Petaluma River Park will be a publicly accessible outdoor space within walking distance of downtown Petaluma. The location, on McNear Peninsula, surrounded by the Petaluma River, necessitates programing that is ecologically sensitive and supportive. As such, in addition to providing pathways, picnic areas, and other facilities needed for a successful public park, significant habitat restoration and erosion control will need to be undertaken to bring this landscape back to full health.
We have a four phase plan to realize the vision. Some aspects of the phasing will be concurrent or on a parallel track as funds and conditions allow. The goal is to be up and running as soon as possible and at full speed in five years.
Phase 1 will focus on bioengineering and habitat restoration. This means building on the proposed McNear Peninsula Habitat Restoration Project as laid out in the Central Petaluma Specific Plan. The City of Petaluma and groups like Friends of the Petaluma River and Petaluma River Access Partners are representative of key stakeholders to include as we work toward revitalizing the property. The restoration will be accomplished through a combination of private fundraising, grant money, and volunteer efforts.
Phase 2 will begin once initial work on habitat restoration and master planning is underway. During this section of the work, we will establish walking paths and introduce infrastructure like seating areas, picnic tables, access to drinking water, and restrooms. Once these basic facilities are in place, we will design and build informational kiosks and begin work on a way-finding system, and educational and interpretive signage. This will allow the public to better understand the restoration process and specifics about plants, wildlife, and land stewardship principles.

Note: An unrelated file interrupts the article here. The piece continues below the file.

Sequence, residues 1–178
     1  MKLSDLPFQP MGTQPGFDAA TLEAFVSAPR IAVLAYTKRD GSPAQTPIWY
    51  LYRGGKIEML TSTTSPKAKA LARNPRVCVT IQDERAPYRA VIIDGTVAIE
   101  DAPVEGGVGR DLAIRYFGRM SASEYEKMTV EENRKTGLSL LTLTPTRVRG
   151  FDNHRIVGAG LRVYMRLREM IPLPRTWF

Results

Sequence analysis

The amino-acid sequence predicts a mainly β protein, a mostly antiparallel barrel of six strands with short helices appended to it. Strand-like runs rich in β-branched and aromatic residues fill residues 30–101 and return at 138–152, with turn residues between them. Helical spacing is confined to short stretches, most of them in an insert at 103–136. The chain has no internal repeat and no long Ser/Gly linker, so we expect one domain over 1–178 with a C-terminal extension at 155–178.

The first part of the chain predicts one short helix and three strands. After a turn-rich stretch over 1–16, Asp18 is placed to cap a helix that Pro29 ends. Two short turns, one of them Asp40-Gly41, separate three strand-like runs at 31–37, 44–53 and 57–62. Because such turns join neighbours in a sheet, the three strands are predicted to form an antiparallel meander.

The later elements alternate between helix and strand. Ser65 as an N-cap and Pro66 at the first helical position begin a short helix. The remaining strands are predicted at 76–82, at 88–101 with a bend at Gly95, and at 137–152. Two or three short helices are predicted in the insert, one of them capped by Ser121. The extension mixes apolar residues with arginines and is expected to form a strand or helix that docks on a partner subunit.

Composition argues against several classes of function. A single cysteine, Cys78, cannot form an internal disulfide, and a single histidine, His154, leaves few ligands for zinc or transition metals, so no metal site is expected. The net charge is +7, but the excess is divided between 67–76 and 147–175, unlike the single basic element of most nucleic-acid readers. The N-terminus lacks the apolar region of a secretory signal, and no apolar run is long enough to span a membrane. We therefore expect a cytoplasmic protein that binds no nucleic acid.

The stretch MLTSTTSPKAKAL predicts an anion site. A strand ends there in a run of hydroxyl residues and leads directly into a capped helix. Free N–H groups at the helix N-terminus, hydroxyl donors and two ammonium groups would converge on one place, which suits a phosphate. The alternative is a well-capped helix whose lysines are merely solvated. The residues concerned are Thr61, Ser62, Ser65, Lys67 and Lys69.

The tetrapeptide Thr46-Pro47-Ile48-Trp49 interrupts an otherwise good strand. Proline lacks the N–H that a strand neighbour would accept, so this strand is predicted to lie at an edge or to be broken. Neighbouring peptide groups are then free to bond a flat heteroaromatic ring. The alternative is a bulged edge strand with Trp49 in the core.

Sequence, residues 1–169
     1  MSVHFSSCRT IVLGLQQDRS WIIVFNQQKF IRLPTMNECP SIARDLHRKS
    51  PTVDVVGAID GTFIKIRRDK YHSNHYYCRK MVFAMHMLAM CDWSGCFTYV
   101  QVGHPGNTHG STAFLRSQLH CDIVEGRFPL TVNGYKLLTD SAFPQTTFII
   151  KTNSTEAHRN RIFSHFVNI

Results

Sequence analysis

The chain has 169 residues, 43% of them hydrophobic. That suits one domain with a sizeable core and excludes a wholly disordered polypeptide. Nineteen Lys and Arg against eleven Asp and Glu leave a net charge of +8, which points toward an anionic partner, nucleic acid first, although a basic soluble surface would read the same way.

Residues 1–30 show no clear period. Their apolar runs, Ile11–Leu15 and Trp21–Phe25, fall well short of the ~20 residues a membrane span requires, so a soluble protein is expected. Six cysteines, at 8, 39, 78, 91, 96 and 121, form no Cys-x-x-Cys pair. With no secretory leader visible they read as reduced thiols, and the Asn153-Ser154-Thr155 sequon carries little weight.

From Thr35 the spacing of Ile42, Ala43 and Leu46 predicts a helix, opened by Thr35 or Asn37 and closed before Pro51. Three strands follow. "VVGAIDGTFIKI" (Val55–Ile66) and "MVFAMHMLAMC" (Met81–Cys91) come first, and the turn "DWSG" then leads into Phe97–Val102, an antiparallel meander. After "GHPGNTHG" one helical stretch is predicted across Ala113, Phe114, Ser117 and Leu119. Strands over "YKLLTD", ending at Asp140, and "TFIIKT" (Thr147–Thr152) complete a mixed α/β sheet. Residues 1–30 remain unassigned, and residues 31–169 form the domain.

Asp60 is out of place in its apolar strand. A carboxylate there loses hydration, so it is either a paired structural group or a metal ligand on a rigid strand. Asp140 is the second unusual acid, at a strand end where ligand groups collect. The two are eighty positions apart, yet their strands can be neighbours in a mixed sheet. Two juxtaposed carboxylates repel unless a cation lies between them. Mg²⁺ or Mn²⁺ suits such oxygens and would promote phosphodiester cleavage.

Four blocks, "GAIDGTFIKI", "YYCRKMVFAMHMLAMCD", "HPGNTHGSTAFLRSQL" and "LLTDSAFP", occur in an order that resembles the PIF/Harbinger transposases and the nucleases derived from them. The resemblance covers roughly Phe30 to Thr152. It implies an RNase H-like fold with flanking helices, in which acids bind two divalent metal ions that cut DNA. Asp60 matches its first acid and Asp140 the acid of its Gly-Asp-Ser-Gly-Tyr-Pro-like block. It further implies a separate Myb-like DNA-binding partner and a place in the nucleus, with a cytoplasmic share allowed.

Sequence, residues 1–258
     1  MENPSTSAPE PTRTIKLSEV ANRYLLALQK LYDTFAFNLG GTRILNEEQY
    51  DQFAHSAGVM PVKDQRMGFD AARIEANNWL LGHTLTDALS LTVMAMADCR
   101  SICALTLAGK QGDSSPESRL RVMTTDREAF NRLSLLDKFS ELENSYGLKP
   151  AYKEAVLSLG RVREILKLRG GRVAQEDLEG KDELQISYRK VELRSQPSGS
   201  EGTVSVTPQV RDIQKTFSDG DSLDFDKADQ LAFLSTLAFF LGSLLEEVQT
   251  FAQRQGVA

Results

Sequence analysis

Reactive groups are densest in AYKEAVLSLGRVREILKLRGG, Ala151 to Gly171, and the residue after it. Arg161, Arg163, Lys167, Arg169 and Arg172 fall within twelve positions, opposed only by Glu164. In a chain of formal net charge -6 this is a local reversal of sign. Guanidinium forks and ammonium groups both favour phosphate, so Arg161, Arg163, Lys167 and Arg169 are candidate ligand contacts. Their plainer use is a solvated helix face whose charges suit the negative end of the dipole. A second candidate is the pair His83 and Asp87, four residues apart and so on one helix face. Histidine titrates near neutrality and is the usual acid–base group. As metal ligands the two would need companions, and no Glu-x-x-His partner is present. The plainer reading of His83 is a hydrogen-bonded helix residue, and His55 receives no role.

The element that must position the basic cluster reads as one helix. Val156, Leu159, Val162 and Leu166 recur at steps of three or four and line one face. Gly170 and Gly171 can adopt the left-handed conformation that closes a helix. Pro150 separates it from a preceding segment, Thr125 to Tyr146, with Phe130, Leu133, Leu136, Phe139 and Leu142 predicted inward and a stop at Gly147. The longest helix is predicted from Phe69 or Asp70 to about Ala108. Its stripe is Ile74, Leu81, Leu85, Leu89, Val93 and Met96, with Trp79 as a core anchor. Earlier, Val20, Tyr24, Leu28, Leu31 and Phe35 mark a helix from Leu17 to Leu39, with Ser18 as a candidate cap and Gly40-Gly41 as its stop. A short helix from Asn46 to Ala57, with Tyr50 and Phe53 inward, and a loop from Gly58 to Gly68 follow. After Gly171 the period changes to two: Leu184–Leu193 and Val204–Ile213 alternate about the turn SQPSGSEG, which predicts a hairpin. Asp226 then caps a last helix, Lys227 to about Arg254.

Phase 3 will introduce art into the landscape. Huru, a significant sculpture by the internationally renowned artist Mark di Suvero will be brought to the south-eastern edge of the property. Huru was built by Mark and his team at his Petaluma studio. It will be on long-term loan from a local family. Huru will anchor future art-related activities at the park in that it will attract other artists and appreciators to the site. As the landscape grows and changes, so will the art. It will be a high quality, low volume approach. Eventually, the park can support other art forms and a diverse population of local and non-local artists and viewers. The addition of an amphitheater will allow us to include performance opportunities.
Phase 4 will focus on public outreach. With the establishment of pathways, signage, seating areas, and basic facilities, we will be able to invite school groups to visit the park and begin connecting the project to their curriculum. We will initiate docent-led tours as well as volunteer and stewardship opportunities, inviting participants to become active partners in the project. We will also welcome passive recreational uses such as kite flying, small craft docking, picnics, dog walking, informal field games, hiking, and bird watching. Some will come for the views, some for the art or exercise. Whatever the reason, we hope to build a multi-layered opportunity that serves us all and preserves this stunning piece of land in our hometown.
REFERENCE FOR SOLUTIONS TO PROTECT AND RESTORE MCNEAR PENINSULA
* Images borrowed from the City of Petaluma: McNear Peninsula Habitat Restoration Project and Petaluma River Access and Enhancement Plan